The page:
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Welcome to the official blog of the ISA Global Cybersecurity Alliance (ISAGCA).

This blog covers topics on automation cybersecurity such as risk assessment, compliance, educational resources, and how to leverage the ISA/IEC 62443 series of standards.

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3 Ways to Secure IT and OT Environments in the Era of Convergence

If you touch any part of operational technology (OT), you’re likely well-aware of the mounting cyber threats facing critical infrastructure, which inherently runs on OT. OT drives our global economy, from treating the water we drink and making modern medicines to powering the lights in our homes. OT is essential, and cybercriminals are overtly aware of this dependence.

To make matters worse, the attack surface is expanding. We are now in the era of converged IT and OT environments, where previously isolated OT devices are now internet-accessible. Today’s adversaries are entering OT environments and critical infrastructure from all bases, even by traversing from IT to OT. The recent Activity Alert from the U.S. National Security Agency (NSA) and Cybersecurity and Infrastructure Security Agency (CISA) warned of increased malicious activity targeting critical infrastructure and urged facilities to take immediate action to secure OT assets. A recent study from Forrester Consulting, commissioned by Tenable, supports this, citing that 65 percent of U.S. organizations experienced business-impacting cyberattacks or compromises that involved operational technology systems in the past year. 

The underlying message here is to be preparedbut how?

Listen to Your Network

The majority of modern converged industrial environments contain “IT-like” devices, such as Windows workstations. Traditional methods to track network vulnerabilities with static, point-in-time visibility aren’t designed for converged environments, increasing the likelihood of blind spots. It's time to make changes to level the playing field and reduce cyber risk.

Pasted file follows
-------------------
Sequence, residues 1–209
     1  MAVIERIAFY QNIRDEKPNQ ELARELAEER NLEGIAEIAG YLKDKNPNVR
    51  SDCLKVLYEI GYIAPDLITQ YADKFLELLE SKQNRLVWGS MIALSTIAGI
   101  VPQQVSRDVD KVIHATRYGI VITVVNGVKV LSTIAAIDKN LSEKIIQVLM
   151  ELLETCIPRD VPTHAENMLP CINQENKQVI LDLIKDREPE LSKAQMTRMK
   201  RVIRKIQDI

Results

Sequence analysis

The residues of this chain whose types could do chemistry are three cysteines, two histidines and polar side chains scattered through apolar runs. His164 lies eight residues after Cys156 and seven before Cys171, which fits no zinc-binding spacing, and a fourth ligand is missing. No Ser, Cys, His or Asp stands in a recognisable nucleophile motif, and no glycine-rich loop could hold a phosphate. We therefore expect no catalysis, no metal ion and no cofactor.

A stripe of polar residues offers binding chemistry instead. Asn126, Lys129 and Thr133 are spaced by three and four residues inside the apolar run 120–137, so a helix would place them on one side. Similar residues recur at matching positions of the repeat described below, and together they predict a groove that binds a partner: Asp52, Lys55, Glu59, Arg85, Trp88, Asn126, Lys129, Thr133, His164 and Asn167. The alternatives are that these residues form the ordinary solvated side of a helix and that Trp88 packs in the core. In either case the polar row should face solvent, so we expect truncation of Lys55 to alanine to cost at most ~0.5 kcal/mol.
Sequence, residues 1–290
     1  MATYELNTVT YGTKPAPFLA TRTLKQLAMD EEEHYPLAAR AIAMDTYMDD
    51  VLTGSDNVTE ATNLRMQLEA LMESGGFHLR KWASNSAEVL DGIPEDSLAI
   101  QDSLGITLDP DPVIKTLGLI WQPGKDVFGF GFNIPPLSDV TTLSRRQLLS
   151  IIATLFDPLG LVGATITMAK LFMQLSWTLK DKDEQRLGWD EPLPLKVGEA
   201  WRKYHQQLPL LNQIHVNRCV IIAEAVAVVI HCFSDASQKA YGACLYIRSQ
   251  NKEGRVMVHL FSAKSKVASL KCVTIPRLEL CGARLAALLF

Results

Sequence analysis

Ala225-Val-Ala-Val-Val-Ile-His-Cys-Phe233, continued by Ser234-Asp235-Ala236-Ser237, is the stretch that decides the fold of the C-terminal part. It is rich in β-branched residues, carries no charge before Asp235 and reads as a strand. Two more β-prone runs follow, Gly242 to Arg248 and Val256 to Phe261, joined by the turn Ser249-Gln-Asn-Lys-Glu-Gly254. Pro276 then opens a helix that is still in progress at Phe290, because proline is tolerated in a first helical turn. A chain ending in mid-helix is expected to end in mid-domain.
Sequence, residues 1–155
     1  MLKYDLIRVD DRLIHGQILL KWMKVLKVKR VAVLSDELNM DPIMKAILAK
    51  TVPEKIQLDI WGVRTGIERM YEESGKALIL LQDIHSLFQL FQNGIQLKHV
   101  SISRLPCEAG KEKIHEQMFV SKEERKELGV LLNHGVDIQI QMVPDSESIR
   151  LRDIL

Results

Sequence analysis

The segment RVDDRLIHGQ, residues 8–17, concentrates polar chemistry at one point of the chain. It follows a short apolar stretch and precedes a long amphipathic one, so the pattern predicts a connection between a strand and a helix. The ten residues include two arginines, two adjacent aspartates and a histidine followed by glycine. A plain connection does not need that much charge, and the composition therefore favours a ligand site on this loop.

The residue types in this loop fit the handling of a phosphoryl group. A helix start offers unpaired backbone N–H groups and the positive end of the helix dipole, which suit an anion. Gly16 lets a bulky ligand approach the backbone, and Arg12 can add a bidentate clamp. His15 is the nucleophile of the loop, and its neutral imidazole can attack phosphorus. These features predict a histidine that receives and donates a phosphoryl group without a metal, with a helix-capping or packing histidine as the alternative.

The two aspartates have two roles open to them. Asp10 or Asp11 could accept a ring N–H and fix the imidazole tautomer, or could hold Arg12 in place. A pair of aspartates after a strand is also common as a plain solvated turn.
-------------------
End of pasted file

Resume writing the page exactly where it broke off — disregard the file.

Cybercriminals move fast, and today’s interconnected devices have provided a number of entry points. Organizations can benefit from equipping security teams with tools built to scan and assess IT and address OT through real-time, passive monitoring. Utilizing passive monitoring provides security teams with holistic visibility into which hosts (computers or devices) are active on the network, when new hosts become active, which ports/services are active, and which inter-asset connections. If a cybercriminal attempts to exploit a vulnerability and instigates a network attack, passive monitoring is key for teams to stay aware and swiftly take action to remediate.

Maintain Device-Level Visibility

While passive monitoring can illustrate the propagation of an attack, leveraging active querying in tandem can identify an attack at the outsetat the device level.

Active querying is a proactive approach to securing operations that brings timely insights about the OT devices on your network. It takes into account all operating systems, firmware and configurations and delivers vital, real-time data on all assets, vulnerabilities, and security risks. If successful, an attack on control devices could cause imperfect or dangerous medicines to be made in a pharmaceutical production facility, or allow for a faulty vehicle to leave the assembly line. Maintaining device-level visibility to remediate vulnerabilities and monitor changes for anomalies can stop a cybercriminal in his or her tracks, before affecting operations.